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NSF Grant of $2,998,817 for 3D Science Teaching in Underserved Rural Areas
BYU McKay School’s Heather Leary, PhD, is the co-principal investigator for a National Science Foundation grant of $2,998,817 to integrate three-dimensional science teaching into rural schools across Utah. This new educational technique incorporates core ideas, scientific practices, and crosscutting concepts that allow students to engage with authentic scientific phenomena. Leary and faculty from BYU’s School of Life Sciences will host summer workshops for high school biology and chemistry teachers. Leary plans to reach 88 rural science teachers and approximately 10,000 rural Utah students from four regions of the state, many of whom are members of the sovereign Ute, Paiute, Goshute, Navajo (Diné), and Shoshone nations.
In the workshops, biology and chemistry educators will collaborate with the primary investigator team and teachers from the same subject and state region to codesign 3D science lessons. Four teachers from each subject and region will participate each year, beginning with biology and phasing in chemistry in year three.
Following the workshops, these subject-region teams will engage in a novel form of professional learning: technology-mediated lesson study, or TMLS. TMLS cycles will be used to evaluate and revise current lesson plans and create additional lesson plans during the school year. Using mixed-methods research, the research team will study the effects of co-design activities and TMLS cycles on teachers’ changing capacity, practice, and social support system. Changes in capacity and practice will be examined qualitatively through interviews, video observations of classroom teaching, and TMLS meetings. The effects of TMLS on teachers’ social support system will be evaluated quantitatively using social network analysis to identify individuals who act as information hubs for 3D science teaching. Influential individuals will be interviewed to better understand their social interactions, and to help the team support the rural science teacher community in increasingly effective ways.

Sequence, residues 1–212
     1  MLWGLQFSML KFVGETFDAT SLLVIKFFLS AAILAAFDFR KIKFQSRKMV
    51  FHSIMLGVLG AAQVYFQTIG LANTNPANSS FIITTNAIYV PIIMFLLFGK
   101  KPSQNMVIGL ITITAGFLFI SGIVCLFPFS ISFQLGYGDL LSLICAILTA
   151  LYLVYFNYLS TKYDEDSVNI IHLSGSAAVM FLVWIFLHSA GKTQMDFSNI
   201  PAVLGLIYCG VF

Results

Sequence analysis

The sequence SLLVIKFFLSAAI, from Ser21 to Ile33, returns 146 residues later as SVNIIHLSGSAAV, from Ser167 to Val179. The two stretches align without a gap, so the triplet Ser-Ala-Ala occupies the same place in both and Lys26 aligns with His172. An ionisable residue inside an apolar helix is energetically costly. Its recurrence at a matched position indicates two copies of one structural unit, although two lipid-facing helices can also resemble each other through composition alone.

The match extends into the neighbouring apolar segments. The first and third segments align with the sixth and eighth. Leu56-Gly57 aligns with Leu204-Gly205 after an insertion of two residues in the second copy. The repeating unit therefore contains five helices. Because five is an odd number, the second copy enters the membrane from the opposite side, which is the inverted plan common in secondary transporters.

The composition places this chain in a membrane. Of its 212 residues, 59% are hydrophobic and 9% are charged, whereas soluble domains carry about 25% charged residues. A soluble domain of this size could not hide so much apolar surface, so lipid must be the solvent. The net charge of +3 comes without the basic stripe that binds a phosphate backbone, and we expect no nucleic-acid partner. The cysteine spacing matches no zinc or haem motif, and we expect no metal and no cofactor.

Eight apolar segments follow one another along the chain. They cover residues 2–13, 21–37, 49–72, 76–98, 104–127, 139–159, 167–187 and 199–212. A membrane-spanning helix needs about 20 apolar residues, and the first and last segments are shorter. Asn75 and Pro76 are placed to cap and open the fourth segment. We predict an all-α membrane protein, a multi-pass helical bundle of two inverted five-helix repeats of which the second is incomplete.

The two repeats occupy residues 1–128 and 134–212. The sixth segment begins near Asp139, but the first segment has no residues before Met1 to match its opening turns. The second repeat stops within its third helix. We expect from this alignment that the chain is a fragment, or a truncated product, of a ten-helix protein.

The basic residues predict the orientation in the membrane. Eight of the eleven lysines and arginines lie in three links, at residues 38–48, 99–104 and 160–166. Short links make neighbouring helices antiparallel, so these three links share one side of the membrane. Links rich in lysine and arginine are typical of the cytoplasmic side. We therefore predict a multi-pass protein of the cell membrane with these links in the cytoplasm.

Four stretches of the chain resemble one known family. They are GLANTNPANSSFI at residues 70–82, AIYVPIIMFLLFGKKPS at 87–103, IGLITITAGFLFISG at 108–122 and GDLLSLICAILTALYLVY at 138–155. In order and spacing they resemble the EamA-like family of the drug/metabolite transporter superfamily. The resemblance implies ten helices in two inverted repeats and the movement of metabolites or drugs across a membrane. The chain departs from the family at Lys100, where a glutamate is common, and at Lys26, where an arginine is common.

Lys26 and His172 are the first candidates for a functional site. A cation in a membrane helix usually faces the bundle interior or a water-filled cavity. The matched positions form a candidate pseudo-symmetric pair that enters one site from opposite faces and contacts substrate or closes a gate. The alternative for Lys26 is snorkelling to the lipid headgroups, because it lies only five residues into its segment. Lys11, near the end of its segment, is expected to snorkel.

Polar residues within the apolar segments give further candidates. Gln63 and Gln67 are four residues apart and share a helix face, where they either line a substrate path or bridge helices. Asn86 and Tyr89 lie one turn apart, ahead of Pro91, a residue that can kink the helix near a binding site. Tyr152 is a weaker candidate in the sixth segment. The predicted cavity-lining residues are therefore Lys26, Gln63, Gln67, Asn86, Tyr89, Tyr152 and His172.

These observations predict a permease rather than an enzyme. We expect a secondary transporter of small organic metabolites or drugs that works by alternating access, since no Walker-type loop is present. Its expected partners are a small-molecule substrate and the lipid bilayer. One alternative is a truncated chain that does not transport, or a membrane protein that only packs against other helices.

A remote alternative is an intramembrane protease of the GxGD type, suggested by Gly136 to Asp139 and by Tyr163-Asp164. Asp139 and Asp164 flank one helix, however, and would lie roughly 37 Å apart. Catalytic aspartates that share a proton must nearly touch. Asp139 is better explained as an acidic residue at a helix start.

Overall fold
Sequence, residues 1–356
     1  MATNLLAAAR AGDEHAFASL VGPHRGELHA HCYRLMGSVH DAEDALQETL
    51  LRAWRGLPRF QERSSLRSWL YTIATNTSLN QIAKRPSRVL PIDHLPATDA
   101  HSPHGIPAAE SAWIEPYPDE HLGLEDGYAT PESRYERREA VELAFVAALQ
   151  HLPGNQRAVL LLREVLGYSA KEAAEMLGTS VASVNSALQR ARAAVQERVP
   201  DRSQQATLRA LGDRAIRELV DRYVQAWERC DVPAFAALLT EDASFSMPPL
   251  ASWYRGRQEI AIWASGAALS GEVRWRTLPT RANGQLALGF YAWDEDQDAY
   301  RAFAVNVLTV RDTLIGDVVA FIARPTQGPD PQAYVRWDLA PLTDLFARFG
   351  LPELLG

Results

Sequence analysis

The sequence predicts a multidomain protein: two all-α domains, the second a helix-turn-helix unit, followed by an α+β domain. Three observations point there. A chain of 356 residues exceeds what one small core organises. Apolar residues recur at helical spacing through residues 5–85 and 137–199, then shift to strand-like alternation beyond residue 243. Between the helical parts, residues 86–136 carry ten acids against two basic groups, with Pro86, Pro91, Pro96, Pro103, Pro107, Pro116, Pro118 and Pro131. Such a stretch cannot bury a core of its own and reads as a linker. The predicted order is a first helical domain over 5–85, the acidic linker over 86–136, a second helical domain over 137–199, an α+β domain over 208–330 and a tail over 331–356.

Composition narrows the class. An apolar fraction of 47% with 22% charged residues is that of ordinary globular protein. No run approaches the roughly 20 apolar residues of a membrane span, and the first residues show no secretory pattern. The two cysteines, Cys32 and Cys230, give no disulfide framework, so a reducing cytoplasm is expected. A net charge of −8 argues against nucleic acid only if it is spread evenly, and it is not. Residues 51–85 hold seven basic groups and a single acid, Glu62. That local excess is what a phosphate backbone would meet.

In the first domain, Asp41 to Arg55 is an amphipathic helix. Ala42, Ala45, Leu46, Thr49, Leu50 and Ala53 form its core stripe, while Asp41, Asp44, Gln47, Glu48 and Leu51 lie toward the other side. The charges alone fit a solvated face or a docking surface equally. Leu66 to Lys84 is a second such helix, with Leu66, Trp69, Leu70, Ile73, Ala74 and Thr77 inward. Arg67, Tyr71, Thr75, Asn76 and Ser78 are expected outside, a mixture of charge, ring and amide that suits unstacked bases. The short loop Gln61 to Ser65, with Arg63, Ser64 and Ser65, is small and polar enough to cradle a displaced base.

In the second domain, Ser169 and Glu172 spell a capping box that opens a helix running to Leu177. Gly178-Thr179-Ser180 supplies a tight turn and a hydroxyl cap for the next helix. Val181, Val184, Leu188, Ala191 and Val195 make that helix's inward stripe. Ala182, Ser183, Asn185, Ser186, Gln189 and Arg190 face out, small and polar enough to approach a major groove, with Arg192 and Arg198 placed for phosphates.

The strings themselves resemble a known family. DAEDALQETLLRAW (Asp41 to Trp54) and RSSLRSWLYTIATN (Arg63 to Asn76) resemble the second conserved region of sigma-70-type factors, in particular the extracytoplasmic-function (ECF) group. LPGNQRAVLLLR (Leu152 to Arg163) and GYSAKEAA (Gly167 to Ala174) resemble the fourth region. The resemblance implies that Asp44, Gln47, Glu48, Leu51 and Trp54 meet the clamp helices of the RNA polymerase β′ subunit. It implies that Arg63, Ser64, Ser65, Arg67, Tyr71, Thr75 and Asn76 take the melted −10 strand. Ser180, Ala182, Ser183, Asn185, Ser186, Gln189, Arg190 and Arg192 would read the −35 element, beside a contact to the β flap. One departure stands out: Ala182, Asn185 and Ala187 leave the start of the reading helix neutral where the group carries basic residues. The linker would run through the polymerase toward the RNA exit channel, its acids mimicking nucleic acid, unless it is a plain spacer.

The TMLS model for professional learning is likely to be scalable and transferable to other rural areas of the country with minimal investment. The proposed work meets a specific and timely need within the state of Utah to provide professional development for rural science teachers as the state moves toward full implementation of the new 3D science standards. Additionally, the 3D lesson plans participants design will be made available to all Utah teachers and shared with a national audience.